She tells us about the diaries of others. She is shy to tell us her own biography and uses them as cover. The subtitle of her video is—The Social Life of the Book. She has shown us her books before in photographs. Here in a magical passage she moves a set of books from one shelf to another and as she does so, she blows the accumulated dust from their top edges out the open window in big puffy clouds. “Dust to dust,” she quotes Mary Wollstonecraft. She, Ms. Davey, has photographed dust before. They say that a large percentage of dust is made up of the skin we shed—not like a snake all in one go—but in discreet amounts day and night. Sloughing off our old skin and regenerating ourselves. As the narrative progresses, the author and reader of diaries weaves together a series of images from her past. The camera dwells on black and white photographs she has taken of her family early in her career, some of which we have seen in the front room, and then pans to images and stories of others born hundreds of years before her. And we realize that the lives of these particular others come to us because they chose to write and because they wrote well and that the artist is choosing to write, to speak, to join in The Social Life of the Book. And I find myself deeply moved by her movement through space, by her attention to detail, by her love of her siblings, by her love of writing, by her conviction in complexity, by the beauty of her images, by the circularity and structure of the video which is broken into chapters much like a book and which breathes life into the exhibition, demonstrating the continuity of human endeavor all the while pointing to the compost heap we will all inevitably join.

This is a video that seems modest at first glance. Often in a gallery setting, people walk in and watch for a few seconds, maybe a minute and then retreat. The gallery has placed a very cushy 3–seater couch in the room. So I sat. Two others appeared in the room after I had been sitting for some time. They were clearly in the midst of the “should I stay or should I go” debate in their heads. I recognized one of them, someone I know vaguely and think highly of. I suggested they sit. They did. It takes time for the piece to do its work—to unfold and reveal itself and we are an impatient lot in general. The video seems artless at first. It is deceptive. Sun glares off a building in the distance. It snows. Birds fly across the screen. Thick traffic moves along the West Side Highway. Grey clouds close in around the building. Mary Shelley is born and so are Ms. Davey’s five younger siblings. Her father dies at the age of forty-five by falling off the roof of their family home. Byron dies fighting the war of independence in Greece. Mary Shelley dies. Ms. Davey’s son is born.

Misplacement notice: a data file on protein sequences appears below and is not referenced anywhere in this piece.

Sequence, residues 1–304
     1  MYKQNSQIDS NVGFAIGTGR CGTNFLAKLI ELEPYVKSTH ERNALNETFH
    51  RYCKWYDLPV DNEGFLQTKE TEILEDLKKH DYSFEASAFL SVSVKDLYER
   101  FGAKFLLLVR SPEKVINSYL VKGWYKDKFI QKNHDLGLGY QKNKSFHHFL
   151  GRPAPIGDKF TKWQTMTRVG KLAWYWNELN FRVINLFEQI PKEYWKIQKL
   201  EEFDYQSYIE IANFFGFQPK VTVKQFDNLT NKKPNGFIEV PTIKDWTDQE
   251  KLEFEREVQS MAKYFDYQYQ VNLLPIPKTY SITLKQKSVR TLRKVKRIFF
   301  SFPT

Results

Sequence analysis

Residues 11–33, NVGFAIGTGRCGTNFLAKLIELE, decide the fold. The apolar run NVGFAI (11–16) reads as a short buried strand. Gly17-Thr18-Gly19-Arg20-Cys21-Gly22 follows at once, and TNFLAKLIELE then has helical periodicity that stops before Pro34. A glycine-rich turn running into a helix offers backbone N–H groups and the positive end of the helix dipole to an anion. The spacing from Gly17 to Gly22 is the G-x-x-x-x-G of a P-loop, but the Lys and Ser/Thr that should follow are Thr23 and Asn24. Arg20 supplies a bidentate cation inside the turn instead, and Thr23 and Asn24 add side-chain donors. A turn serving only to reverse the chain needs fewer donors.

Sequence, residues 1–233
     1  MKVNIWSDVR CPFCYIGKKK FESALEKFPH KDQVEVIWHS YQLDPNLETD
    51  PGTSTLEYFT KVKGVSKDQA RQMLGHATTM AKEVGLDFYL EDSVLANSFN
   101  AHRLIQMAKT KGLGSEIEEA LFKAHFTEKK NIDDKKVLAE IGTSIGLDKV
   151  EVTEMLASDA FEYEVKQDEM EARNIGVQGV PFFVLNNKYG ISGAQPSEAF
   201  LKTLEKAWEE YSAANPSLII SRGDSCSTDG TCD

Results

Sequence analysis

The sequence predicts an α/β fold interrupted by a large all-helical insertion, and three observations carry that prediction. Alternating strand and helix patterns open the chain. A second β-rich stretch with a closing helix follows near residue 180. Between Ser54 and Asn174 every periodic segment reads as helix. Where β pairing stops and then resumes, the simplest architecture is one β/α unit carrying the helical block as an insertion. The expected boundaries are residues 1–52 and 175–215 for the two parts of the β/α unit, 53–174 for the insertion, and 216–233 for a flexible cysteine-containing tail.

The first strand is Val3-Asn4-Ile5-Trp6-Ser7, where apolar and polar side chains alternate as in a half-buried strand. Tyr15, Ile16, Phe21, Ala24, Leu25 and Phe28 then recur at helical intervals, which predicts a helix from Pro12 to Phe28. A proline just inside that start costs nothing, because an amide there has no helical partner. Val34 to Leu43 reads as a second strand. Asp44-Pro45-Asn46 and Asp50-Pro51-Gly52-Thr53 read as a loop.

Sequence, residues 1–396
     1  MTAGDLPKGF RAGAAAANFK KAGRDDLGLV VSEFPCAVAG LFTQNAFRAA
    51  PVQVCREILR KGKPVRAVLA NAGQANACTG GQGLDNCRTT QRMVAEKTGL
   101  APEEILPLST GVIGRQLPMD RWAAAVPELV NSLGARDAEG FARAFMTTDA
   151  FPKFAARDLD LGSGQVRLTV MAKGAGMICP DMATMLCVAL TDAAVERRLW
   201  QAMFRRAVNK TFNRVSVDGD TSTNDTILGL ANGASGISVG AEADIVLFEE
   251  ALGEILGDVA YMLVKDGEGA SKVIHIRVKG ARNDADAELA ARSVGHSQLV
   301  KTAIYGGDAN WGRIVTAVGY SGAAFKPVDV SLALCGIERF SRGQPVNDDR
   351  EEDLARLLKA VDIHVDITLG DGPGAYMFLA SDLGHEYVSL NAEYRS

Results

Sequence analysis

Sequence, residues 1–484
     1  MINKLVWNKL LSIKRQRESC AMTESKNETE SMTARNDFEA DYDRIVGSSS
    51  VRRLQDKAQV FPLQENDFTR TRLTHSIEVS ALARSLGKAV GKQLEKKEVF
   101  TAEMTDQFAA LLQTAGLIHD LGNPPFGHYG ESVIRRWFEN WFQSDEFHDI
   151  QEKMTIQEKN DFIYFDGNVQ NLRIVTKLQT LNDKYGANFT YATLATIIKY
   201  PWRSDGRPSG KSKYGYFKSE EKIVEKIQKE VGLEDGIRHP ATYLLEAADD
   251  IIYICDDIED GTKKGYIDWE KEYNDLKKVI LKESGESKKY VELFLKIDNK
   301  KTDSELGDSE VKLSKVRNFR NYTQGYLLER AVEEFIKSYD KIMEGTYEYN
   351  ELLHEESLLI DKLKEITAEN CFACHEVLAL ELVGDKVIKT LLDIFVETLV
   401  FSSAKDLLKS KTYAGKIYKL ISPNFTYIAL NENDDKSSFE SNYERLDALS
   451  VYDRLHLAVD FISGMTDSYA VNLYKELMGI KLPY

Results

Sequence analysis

At thirteen Ms. Davey’s son tells her that museums put him to sleep and he would rather go to an airport and “watch the planes take off and land”. In 1981, Barbara Bloom taught a film seminar at Cal Arts. She took our class to LAX to watch the planes take off and land. Ms. Davey’s son is onto something. I have gone to airports many times to watch planes take off and land. In Ms. Davey’s video, her story begins with Goethe’s The Flight to Italy. A takeoff and a landing. That which makes Goethe’s diary possible. His trip from Weimar to Italy. She too is moving, not in flight exactly, but in motion, in time. And that is something required from the audience. A bit of time. A friend remarked that what she most liked about this video was the notion of a woman taking up this much room, this much of our time. She saw an audaciousness in it. And while I agree with this in theory—that women need to feel free to be visible and take up space in ways that are not generally given to them willingly, and while this may indeed be going on—this is not what I saw as I watched. What I saw was a careful mixture of personal imagery and spoken word that created not only a dichotomy between interior and exterior, but raised the same question that so haunted David Foster Wallace: is it ever possible to really communicate interiority to the outside, to bridge the gap between the skin of one’s self and the skin of another? And you know that a lot of people are trying. As the exquisite writer Lynne Tillman states in her text contribution to Ms. Davey’s Trust Me, 2011, a work composed of multiple images that were folded and addressed to the writer and sent through the mail, then unfolded and hung against the wall unframed in a grid, “Most people will divulge more than you want to know.”